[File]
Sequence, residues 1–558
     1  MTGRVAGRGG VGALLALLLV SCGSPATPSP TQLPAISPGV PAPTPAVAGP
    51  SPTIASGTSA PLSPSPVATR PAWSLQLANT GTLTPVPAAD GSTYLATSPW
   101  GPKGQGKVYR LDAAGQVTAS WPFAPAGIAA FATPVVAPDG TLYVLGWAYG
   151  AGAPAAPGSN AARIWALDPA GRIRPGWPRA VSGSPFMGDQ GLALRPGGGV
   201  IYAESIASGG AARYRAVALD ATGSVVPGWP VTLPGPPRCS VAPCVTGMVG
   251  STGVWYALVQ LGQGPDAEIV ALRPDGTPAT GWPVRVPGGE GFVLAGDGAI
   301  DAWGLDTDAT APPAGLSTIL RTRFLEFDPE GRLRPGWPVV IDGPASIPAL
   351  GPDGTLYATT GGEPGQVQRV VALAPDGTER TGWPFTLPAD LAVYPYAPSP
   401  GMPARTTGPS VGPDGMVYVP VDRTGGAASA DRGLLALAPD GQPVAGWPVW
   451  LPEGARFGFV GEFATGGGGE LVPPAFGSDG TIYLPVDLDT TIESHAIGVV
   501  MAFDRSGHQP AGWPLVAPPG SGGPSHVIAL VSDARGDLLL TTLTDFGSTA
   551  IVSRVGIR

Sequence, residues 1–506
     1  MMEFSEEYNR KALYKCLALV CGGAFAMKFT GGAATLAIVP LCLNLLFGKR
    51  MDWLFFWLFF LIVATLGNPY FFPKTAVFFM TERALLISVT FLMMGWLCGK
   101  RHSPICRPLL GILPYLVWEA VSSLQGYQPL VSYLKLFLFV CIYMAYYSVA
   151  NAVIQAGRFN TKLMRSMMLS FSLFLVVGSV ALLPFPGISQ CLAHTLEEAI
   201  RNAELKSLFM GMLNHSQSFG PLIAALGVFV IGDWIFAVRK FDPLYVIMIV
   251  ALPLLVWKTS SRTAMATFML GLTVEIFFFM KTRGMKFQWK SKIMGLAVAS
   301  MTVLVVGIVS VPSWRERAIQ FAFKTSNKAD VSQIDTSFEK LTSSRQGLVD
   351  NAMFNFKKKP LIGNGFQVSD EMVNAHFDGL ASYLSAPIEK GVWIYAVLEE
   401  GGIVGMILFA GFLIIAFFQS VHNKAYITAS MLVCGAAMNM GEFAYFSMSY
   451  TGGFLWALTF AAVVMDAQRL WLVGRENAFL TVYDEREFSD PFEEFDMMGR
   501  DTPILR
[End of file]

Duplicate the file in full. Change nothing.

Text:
Sequence, residues 1–558
     1  MTGRVAGRGG VGALLALLLV SCGSPATPSP TQLPAISPGV PAPTPAVAGP
    51  SPTIASGTSA PLSPSPVATR PAWSLQLANT GTLTPVPAAD GSTYLATSPW
   101  GPKGQGKVYR LDAAGQVTAS WPFAPAGIAA FATPVVAPDG TLYVLGWAYG
   151  AGAPAAPGSN AARIWALDPA GRIRPGWPRA VSGSPFMGDQ GLALRPGGGV
   201  IYAESIASGG AARYRAVALD ATGSVVPGWP VTLPGPPRCS VAPCVTGMVG
   251  STGVWYALVQ LGQGPDAEIV ALRPDGTPAT GWPVRVPGGE GFVLAGDGAI
   301  DAWGLDTDAT APPAGLSTIL RTRFLEFDPE GRLRPGWPVV IDGPASIPAL
   351  GPDGTLYATT GGEPGQVQRV VALAPDGTER TGWPFTLPAD LAVYPYAPSP
   401  GMPARTTGPS VGPDGMVYVP VDRTGGAASA DRGLLALAPD GQPVAGWPVW
   451  LPEGARFGFV GEFATGGGGE LVPPAFGSDG TIYLPVDLDT TIESHAIGVV
   501  MAFDRSGHQP AGWPLVAPPG SGGPSHVIAL VSDARGDLLL TTLTDFGSTA
   551  IVSRVGIR

Sequence, residues 1–506
     1  MMEFSEEYNR KALYKCLALV CGGAFAMKFT GGAATLAIVP LCLNLLFGKR
    51  MDWLFFWLFF LIVATLGNPY FFPKTAVFFM TERALLISVT FLMMGWLCGK
   101  RHSPICRPLL GILPYLVWEA VSSLQGYQPL VSYLKLFLFV CIYMAYYSVA
   151  NAVIQAGRFN TKLMRSMMLS FSLFLVVGSV ALLPFPGISQ CLAHTLEEAI
   201  RNAELKSLFM GMLNHSQSFG PLIAALGVFV IGDWIFAVRK FDPLYVIMIV
   251  ALPLLVWKTS SRTAMATFML GLTVEIFFFM KTRGMKFQWK SKIMGLAVAS
   301  MTVLVVGIVS VPSWRERAIQ FAFKTSNKAD VSQIDTSFEK LTSSRQGLVD
   351  NAMFNFKKKP LIGNGFQVSD EMVNAHFDGL ASYLSAPIEK GVWIYAVLEE
   401  GGIVGMILFA GFLIIAFFQS VHNKAYITAS MLVCGAAMNM GEFAYFSMSY
   451  TGGFLWALTF AAVVMDAQRL WLVGRENAFL TVYDEREFSD PFEEFDMMGR
   501  DTPILR